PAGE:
Allergies Could be Linked to Risk of High Blood Pressure and Coronary Heart Disease - EMJ

Allergies Could be Linked to Risk of High Blood Pressure and Coronary Heart Disease

1 Mins
Cardiology

CORONARY heart disease and high blood pressure have been linked to a history of allergic disorders, especially in Black male adults, according to a study presented at the American College of Cardiology (ACC) Asia 2022 Together With Korean Society of Cardiology (KSC) Spring Conference.

The association of allergic conditions and cardiovascular disease has been viewed as controversial. Therefore, the current study was conducted to confirm whether allergic disorders were associated with an increase in cardiovascular disease. Data was collected from the National Health Interview Survey (NHIS), which is a cross-sectional survey of the USA population. The study included 34,417 adults, over half of whom were female and with an average age of 48.5 years. The allergic group consisted of 10,045 adults and had at least one of the following allergies: asthma, respiratory allergy, digestive allergy, skin allergy, and other allergies. The researchers adjusted for age, sex, race, smoking, alcohol drinking, and BMI. Subgroups stratified based on demographic factors were also examined.

The study found that a history of allergic disorders was linked to an increased risk of high blood pressure and coronary heart disease. Furthermore, the participants aged 18–57 years with a history of allergic conditions had a heightened risk of developing high blood pressure. Remarkably, Black/African males between the ages of 39 years and 57 years had the highest risk of coronary heart disease. Asthma was considered the most significant allergic disorder that contributed to the risk of coronary heart disease and high blood pressure. Further and larger studies will be required to affirm these findings.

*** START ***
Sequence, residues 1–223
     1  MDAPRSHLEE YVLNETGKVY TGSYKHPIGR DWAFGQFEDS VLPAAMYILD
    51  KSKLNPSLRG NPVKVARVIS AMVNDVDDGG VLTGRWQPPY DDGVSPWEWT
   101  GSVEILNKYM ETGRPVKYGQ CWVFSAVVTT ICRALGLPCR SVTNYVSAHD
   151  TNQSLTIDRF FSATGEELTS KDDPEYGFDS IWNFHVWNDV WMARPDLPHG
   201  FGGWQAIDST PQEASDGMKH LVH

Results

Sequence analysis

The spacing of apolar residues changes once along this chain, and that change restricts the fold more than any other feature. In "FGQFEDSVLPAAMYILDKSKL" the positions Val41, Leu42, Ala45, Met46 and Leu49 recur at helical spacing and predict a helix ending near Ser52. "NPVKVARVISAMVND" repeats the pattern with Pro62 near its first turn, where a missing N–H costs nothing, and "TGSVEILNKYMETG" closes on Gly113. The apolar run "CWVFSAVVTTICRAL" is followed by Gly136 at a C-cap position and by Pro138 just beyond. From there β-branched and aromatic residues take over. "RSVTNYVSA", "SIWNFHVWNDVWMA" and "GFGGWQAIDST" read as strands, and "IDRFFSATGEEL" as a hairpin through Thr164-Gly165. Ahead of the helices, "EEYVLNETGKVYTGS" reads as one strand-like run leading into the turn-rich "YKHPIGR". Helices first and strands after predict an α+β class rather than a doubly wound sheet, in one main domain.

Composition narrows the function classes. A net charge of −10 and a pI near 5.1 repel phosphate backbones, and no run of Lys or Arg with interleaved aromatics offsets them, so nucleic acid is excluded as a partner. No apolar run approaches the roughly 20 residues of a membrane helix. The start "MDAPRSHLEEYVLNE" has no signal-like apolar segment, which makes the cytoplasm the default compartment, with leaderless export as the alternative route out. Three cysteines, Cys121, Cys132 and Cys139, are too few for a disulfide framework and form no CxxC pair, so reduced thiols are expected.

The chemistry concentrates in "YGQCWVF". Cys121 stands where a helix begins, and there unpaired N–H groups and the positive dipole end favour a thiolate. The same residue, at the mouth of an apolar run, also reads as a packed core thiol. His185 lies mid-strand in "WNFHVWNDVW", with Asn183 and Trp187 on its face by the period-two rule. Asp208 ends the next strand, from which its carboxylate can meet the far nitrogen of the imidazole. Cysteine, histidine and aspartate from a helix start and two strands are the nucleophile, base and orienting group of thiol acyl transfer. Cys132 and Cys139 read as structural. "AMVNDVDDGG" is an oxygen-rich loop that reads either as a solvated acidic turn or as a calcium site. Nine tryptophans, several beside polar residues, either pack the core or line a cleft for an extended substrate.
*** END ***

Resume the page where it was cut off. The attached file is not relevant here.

“For patients with allergic disorders, routine evaluation of blood pressure, and routine examination for coronary heart disease should be given by clinicians to ensure early treatments are given to those with hypertension or coronary heart disease,” said lead author Yang Guo, Department of Dermatology, Institute of Dermatology, Peking University Shenzhen Hospital, Shenzhen Peking University-The Hong Kong University of Science and Technology Medical Center, China.

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